First Corona, then a lack of parts: The auto industry has had to accept deep cuts in recent years. However, they had one consolation in the crisis, because the margins per car were record-breaking for some companies. A study by the consulting firm Ernst & Young (EY) predicts that this will soon be over. “The days of dream margins will soon be over,” said EY industry consultant Peter Fuss, based on a published analysis of key figures from the world’s 16 largest car companies.
In times of scarce components and chips, manufacturers could afford to prioritize expensive models in production and remove low-margin versions from the range entirely. For example, the VW Golf (test) has not been available with the 66 kW base petrol engine for a year. The starting price for Germany’s best-selling car is now almost 30,000 euros.
Good view – at first sight
With the increasing availability of chips and other components, the number of cars produced will increase again. This means that more new cars are in circulation again and the sales of the group are also increasing. For consumers, a larger range means the chance for discounts, which have hardly been there in the past. Overall, business would then get back on track as usual.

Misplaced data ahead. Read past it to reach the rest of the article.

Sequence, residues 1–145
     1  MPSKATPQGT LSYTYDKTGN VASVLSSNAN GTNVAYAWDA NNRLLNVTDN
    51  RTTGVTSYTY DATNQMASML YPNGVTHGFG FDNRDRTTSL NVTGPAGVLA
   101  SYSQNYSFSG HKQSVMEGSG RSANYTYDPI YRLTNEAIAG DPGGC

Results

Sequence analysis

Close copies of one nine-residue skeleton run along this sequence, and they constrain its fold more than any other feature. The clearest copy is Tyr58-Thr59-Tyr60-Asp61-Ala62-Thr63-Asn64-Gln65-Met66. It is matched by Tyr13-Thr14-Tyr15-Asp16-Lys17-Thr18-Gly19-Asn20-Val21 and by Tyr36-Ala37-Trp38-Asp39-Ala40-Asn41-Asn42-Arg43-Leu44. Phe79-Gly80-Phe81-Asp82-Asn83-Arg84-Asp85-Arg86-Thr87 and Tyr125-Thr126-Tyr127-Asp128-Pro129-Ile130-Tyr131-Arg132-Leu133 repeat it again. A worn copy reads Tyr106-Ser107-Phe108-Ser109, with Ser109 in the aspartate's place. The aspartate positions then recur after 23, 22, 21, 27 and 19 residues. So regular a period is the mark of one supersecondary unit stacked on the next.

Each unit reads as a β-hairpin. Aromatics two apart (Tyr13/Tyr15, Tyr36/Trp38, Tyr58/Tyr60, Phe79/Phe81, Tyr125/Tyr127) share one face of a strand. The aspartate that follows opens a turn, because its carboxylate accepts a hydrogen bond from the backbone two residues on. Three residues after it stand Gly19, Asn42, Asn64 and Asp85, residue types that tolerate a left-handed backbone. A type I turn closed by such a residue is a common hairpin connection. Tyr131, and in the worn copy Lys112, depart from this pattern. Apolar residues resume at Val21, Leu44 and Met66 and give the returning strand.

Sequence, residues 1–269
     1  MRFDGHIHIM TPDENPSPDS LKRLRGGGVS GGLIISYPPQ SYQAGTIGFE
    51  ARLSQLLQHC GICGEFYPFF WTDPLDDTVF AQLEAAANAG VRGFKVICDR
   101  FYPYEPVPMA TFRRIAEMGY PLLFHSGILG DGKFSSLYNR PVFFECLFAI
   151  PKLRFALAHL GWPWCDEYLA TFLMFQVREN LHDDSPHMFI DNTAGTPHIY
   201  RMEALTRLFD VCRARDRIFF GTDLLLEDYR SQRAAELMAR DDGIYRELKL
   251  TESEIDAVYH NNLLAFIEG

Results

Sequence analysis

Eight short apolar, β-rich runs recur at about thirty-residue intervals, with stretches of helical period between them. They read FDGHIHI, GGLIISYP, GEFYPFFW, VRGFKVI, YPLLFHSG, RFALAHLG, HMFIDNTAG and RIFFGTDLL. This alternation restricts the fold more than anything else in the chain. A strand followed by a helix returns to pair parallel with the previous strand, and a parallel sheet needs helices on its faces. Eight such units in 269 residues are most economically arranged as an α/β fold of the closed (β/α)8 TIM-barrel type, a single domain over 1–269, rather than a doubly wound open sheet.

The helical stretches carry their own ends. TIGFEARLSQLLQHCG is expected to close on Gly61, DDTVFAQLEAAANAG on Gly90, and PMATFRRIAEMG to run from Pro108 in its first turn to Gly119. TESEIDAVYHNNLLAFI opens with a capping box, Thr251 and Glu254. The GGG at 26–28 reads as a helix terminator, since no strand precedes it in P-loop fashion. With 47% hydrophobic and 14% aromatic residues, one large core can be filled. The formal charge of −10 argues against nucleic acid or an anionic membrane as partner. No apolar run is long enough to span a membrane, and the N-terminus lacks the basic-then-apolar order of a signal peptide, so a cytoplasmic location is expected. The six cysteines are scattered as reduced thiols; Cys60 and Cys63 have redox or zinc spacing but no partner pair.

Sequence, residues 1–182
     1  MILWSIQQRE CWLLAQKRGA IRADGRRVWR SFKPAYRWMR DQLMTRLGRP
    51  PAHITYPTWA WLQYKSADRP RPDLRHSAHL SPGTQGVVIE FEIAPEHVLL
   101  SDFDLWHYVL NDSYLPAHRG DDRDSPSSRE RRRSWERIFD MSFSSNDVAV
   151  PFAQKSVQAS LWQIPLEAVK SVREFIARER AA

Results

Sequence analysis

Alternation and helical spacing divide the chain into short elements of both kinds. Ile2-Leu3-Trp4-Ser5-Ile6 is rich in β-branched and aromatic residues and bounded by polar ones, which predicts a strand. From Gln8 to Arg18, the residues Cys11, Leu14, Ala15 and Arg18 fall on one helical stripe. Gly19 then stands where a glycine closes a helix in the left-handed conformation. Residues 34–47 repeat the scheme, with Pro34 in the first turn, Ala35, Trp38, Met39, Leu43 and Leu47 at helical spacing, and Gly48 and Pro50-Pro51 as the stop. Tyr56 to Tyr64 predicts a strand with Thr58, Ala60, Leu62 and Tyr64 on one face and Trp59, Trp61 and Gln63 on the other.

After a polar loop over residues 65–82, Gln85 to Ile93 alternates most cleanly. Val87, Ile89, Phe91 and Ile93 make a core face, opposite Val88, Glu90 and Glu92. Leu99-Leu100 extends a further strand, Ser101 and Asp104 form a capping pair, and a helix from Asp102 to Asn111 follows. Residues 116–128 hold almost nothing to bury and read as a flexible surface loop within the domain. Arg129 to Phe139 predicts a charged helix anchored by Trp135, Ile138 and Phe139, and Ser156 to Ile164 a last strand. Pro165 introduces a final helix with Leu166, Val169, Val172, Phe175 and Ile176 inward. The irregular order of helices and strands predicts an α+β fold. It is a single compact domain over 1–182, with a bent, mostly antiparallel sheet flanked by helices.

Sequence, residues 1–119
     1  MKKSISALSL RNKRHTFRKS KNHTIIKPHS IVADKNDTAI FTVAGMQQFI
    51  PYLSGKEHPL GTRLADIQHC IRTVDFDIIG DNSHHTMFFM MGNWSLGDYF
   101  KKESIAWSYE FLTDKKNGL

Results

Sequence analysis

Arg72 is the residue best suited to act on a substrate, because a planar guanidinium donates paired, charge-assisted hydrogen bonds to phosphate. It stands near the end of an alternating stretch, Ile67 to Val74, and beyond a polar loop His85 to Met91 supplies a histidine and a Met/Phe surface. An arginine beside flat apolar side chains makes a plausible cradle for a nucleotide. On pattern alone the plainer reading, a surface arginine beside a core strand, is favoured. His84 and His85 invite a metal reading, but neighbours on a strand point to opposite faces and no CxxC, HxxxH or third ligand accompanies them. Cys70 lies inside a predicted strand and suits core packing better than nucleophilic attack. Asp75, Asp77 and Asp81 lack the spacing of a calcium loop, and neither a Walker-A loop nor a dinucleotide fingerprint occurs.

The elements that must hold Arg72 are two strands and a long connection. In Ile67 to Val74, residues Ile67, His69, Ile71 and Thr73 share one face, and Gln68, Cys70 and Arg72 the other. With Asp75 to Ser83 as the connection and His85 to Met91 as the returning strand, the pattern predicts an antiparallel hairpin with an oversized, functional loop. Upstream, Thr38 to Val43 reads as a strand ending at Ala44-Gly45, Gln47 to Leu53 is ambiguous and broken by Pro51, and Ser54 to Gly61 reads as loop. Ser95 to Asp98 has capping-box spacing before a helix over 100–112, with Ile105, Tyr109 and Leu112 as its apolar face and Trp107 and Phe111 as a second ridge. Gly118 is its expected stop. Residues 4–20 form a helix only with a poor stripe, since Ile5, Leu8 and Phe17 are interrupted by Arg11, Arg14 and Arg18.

But that is exactly what cannot be foreseen. According to the study, car manufacturers will have to adjust to a more difficult business environment in the future despite high sales. With the energy crisis and a recession looming around the world, the prospects for the car companies continue to cloud over. Expensive energy hits them twice: on the one hand, it makes production more expensive, on the other hand, it reduces customers’ willingness to spend. In addition, there are enormously increased costs for raw materials, which car manufacturers pass on to the end customer wherever the market allows. Since there is no sign of an easing in material, logistics and energy costs either, it seems unlikely that prices for new cars will fall drastically in the foreseeable future.
slump in the Chinese market
The prospects for an economic recovery are poor, and not only in Europe. According to the EY study, sales in the Chinese market for the big players in the industry fell by 24 percent in the second quarter of 2022. BMW, Volkswagen and Mercedes-Benz together had to accept a drop of 19 percent. Things are apparently looking better worldwide: From April to June 2022, car manufacturers achieved significantly higher sales despite lower sales figures compared to the same period last year. However, the average profit margin, i.e. the share of operating profit in sales, fell from 9.8 to 7.9 percent. The industry was thus approaching the numbers before the pandemic again. Among the German manufacturers, it was primarily Volkswagen and BMW that lost profitability. Mercedes-Benz was able to roughly maintain the value from the same quarter of the previous year.
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